angers patrol the parks and check pools for crocodile activity, so before you swim, check signage and make sure it is a designated swimming area and is currently open.

Freshwater crocodiles also inhabit many waterways but are not considered dangerous to humans.

Check the Northern Territory Tourism website for more info.

Maguk is also located at the bottom of a waterfall, though a much smaller one than Jim Jim.

In fact you can swim right under the cascading water for a relaxing massage. It’s also worth bringing a snorkel or some googles to this pool, as below the surface are a number of fish species to spot.


This pool is also reached via a 1km walk, that passes through monsoon rainforest and a bouldered river section.

Next up is Litchfield National Park. Located about two hours drive from Kakadu, Litchfield is a swimmer’s paradise with beautiful rock pools to bathe and relax in.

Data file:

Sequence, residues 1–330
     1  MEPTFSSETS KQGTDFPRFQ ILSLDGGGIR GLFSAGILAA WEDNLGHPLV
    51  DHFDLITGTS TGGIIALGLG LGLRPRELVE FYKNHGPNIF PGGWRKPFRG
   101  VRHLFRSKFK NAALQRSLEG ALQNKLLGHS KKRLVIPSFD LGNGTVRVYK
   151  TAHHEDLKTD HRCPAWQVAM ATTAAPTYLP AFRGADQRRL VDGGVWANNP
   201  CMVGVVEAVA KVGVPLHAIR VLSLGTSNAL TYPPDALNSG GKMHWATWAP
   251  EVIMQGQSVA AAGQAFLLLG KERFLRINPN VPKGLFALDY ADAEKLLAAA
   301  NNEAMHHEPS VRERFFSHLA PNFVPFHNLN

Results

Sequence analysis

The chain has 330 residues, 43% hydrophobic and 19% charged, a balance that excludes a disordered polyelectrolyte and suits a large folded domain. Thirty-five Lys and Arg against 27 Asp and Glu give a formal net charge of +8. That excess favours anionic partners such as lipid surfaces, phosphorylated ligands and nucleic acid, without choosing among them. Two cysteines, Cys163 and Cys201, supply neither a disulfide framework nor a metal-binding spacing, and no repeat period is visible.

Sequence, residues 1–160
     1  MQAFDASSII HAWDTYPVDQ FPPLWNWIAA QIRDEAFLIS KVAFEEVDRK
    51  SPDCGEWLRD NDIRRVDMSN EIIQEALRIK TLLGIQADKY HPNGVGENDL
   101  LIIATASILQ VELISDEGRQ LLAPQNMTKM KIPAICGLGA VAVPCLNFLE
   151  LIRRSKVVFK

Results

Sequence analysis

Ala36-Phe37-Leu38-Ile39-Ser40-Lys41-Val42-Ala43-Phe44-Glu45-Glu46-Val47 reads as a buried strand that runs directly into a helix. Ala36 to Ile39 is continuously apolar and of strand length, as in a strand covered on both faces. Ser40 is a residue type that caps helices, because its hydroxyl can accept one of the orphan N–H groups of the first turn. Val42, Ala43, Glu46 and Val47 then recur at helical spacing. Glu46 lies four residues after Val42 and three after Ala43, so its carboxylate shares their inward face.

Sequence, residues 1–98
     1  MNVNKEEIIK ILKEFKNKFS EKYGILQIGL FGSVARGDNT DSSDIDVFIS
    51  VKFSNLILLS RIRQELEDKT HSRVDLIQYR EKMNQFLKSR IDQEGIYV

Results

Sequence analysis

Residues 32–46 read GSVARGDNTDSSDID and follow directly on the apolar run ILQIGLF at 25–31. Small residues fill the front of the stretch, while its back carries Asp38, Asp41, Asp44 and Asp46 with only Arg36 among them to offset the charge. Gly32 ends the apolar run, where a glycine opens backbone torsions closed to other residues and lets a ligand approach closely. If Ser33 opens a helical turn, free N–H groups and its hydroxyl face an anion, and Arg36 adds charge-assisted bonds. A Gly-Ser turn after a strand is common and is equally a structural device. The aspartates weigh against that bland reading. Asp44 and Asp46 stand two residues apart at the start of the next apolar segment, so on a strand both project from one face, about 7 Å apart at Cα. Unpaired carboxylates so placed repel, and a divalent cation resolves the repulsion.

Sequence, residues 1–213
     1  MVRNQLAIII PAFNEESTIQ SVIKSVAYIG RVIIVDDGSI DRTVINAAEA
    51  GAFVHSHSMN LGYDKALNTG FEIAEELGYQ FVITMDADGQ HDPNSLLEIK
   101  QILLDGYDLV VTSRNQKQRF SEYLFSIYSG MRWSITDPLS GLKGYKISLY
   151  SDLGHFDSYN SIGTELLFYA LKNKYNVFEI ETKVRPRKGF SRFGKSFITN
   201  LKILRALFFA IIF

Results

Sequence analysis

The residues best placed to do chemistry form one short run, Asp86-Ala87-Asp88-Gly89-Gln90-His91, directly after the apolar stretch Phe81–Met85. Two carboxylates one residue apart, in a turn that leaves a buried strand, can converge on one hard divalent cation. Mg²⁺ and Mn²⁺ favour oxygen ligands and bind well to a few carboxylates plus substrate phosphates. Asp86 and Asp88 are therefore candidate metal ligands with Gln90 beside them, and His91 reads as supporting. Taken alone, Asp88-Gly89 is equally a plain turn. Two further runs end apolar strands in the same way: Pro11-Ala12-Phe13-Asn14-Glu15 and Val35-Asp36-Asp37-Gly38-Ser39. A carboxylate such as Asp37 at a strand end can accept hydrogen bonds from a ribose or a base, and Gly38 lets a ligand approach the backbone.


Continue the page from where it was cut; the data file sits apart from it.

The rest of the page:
It’s much smaller than Kakadu and can easily be visited in a day, with many people making the day trip from Darwin. However, if you stay the night you can head to the pools early and have them all to yourself.

Less than 30 minutes drive from the parks southern entrance is Buley Rockhole. This spot has pools for all requirements. Whether you want to swim, wallow in shallow water or jump off rocks into deep water holes, you’ll find it at Buley.

The cascading freshwater pools are a very short walk from the car park meaning it’s a great place to bring a picnic and set up on the rocks. You can also spend the night at the nearby campsite.

A five-minute drive from Buley is Florence Falls. You first see the falls from above, via a scenic viewing platform before beginning your descent down the 160 stairs to the pool. It’s deep and clear and the perfect swimming spot, shaded from the sun by the towering rocks around it.


If you don’t fancy taking the stairs back up, there is a more leisurely 1km track that loops back through the forest to the car park.

Wangi Falls is the final stop in Litchfield National Park and it’s a good one.